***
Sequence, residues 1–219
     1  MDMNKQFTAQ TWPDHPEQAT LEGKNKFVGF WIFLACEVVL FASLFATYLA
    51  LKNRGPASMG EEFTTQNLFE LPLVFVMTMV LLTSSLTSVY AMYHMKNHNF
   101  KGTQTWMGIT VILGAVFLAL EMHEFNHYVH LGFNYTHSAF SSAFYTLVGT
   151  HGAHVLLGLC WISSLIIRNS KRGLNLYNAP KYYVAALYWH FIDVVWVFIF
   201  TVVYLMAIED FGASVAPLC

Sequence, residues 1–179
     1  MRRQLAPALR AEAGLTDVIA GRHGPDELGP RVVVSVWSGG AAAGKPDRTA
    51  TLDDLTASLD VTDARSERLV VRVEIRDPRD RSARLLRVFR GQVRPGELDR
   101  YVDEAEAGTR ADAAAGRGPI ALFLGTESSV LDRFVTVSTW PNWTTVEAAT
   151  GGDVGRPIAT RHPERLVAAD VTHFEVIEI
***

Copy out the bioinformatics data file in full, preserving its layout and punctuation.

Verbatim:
Sequence, residues 1–219
     1  MDMNKQFTAQ TWPDHPEQAT LEGKNKFVGF WIFLACEVVL FASLFATYLA
    51  LKNRGPASMG EEFTTQNLFE LPLVFVMTMV LLTSSLTSVY AMYHMKNHNF
   101  KGTQTWMGIT VILGAVFLAL EMHEFNHYVH LGFNYTHSAF SSAFYTLVGT
   151  HGAHVLLGLC WISSLIIRNS KRGLNLYNAP KYYVAALYWH FIDVVWVFIF
   201  TVVYLMAIED FGASVAPLC

Sequence, residues 1–179
     1  MRRQLAPALR AEAGLTDVIA GRHGPDELGP RVVVSVWSGG AAAGKPDRTA
    51  TLDDLTASLD VTDARSERLV VRVEIRDPRD RSARLLRVFR GQVRPGELDR
   101  YVDEAEAGTR ADAAAGRGPI ALFLGTESSV LDRFVTVSTW PNWTTVEAAT
   151  GGDVGRPIAT RHPERLVAAD VTHFEVIEI